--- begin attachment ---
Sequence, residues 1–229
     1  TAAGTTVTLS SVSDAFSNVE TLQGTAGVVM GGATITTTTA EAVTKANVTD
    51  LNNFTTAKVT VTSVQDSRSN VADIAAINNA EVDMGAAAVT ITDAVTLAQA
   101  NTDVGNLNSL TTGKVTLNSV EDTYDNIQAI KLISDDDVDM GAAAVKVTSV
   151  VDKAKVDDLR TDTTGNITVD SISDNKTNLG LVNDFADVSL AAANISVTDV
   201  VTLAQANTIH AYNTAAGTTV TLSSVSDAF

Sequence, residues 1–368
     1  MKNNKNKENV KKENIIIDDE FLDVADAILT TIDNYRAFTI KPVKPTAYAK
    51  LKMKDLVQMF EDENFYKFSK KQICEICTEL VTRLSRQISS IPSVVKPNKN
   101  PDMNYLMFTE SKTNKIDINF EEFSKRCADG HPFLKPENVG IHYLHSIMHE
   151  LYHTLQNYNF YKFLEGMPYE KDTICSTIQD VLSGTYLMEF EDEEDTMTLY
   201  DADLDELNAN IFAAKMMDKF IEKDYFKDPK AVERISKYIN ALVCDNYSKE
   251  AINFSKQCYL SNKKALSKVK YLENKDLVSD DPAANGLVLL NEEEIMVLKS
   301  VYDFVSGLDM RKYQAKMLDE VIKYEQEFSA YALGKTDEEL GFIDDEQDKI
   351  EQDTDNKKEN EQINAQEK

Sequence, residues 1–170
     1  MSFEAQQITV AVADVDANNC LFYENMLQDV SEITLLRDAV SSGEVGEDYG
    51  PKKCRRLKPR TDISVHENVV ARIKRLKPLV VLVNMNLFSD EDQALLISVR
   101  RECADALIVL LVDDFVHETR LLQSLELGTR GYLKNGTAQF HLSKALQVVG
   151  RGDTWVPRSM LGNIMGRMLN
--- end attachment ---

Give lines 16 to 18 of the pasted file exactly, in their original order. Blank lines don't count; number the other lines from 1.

Sequence, residues 1–170
     1  MSFEAQQITV AVADVDANNC LFYENMLQDV SEITLLRDAV SSGEVGEDYG
    51  PKKCRRLKPR TDISVHENVV ARIKRLKPLV VLVNMNLFSD EDQALLISVR